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Criminal Legal Aid worked example

In order to illustrate how a person may receive free legal advice which is funded by Criminal Legal Aid, an example of a fictional person (Mr Green) being charged with an offence is included below.

Mr Green's journey through the Criminal Justice Scheme is broken down step-by-step, beginning with his arrest on suspicion of burglary and ending with him going to prison. In reality, there are other potential outcomes (e.g. the burglary charges could be dropped or Mr Green could be found not guilty). The example below is for illustrative purposes only.

  • Mr Green is arrested on suspicion of burglary and is taken to the Custody Suite at Police Headquarters in Douglas
  • Mr Green is booked into the Custody Suite by the Custody Officer
  • The Custody Officer advises Mr Green that he has the right to free and independent legal advice from a Police Station Duty Advocate either by telephone or in person. The Police Station Duty Advocate service is funded by Criminal Legal Aid
  • Mr Green asks to see an Advocate in person. The Custody Officer contacts the Advocate who is on the Police Station Duty Advocate rota. The Police Station Duty Advocate rota covers 24 hours per day, 7 days a week and the rota is supplied by the IoM Law Society
  • The Police Station Duty Advocate attends the Police Station, and speaks to Mr Green in private. Mr Green is then interviewed by the Police with the Police Station Duty Advocate present

1

  • Following interview, the Police charge Mr Green with burglary and he is released on bail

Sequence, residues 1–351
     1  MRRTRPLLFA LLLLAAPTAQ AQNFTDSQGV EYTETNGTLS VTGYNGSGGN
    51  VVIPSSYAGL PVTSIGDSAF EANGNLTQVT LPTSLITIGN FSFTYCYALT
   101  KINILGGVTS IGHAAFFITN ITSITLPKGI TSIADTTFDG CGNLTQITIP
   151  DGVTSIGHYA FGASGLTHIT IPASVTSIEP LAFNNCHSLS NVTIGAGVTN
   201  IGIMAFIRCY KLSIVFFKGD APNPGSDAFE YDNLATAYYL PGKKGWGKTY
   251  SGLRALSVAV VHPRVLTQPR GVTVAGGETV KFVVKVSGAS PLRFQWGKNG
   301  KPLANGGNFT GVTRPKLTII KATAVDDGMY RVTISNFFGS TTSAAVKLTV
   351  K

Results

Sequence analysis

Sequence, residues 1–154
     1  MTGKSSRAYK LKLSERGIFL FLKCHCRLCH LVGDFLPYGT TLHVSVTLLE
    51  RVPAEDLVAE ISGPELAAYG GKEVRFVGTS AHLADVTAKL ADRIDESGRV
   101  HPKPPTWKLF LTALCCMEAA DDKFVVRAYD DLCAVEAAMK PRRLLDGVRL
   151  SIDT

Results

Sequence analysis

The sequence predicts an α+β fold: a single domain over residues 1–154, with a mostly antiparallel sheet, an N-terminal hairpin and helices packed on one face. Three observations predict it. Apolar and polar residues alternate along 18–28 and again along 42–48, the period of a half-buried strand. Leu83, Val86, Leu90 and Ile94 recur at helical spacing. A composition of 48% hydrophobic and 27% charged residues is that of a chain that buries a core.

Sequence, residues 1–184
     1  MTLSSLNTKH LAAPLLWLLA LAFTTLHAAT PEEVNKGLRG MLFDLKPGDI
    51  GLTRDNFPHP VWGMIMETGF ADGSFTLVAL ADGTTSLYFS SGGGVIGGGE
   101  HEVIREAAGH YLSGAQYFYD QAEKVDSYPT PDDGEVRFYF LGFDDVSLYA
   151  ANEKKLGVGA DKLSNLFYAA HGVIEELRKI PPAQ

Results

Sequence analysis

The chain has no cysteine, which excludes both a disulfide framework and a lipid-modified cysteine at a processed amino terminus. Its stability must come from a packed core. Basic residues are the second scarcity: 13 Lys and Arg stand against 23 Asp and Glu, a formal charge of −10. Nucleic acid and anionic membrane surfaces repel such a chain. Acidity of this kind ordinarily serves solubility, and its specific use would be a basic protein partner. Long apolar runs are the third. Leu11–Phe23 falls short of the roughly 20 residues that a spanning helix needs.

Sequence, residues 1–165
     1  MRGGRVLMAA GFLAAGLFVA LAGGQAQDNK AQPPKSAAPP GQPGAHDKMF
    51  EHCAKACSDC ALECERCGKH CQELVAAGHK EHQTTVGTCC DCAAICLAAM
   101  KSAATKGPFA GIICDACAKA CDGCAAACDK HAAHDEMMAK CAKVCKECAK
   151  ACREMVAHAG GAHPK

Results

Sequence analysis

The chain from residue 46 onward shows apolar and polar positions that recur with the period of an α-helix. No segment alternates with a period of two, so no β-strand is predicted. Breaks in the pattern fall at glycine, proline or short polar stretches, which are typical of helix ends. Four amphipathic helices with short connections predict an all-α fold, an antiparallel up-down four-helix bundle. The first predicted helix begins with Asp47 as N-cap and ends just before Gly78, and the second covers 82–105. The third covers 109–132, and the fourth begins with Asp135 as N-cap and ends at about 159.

• Mr Green is sent details of the time and date of his Court hearing in the Deputy High Bailiff's Court (his case could also be heard in the Magistrate's Court). These Courts are also referred to as Summary Courts
  • At every sitting of the Deputy High Bailiff's Court (and the Magistrate's Court) there is a Court Duty Advocate available who can assist, advise and represent an individual at their first Court hearing. The Court Duty Advocate service is funded by Criminal Legal Aid
  • Mr Green arrives at Court on the date of his first hearing and speaks to the Court Duty Advocate. The Court Duty Advocate represents Mr Green in Court on that day
  • Mr Green enters a plea of 'not guilty' and the Court decides that a Summary trial in the Deputy High Bailiff's Court will be suitable for the case. The matter is adjourned to a trial date

2

  • As Mr Green's case will be going to trial, the Court Duty Advocate advises him that an application for Criminal Legal Aid should be made, as Mr Green's case will be eligible
  • The Court Duty Advocate assists Mr Green accordingly and the necessary paperwork is completed. Mr Green is advised that he can ask the Court Duty Advocate to continue to represent him, or he can nominate a different Defence Advocate who undertakes Criminal Legal Aid work. A 'Legal Aid Panel' of Advocates lists all Advocates who are prepared to act for a person under the Legal Aid Scheme
  • Mr Green decides to nominate another Defence Advocate who has represented him on previous occasions, and is on the Legal Aid Panel
  • The Court reviews the Criminal Legal Aid application on the same day and grants a Criminal Legal Aid Certificate, subject to Mr Green providing written confirmation of his qualifying benefits and income within 2 weeks. The case is then adjourned for 2 weeks
  • During the adjournment, Mr Green provides details of his qualifying benefits and income to his nominated Defence Advocate who, in turn, provides them to the Court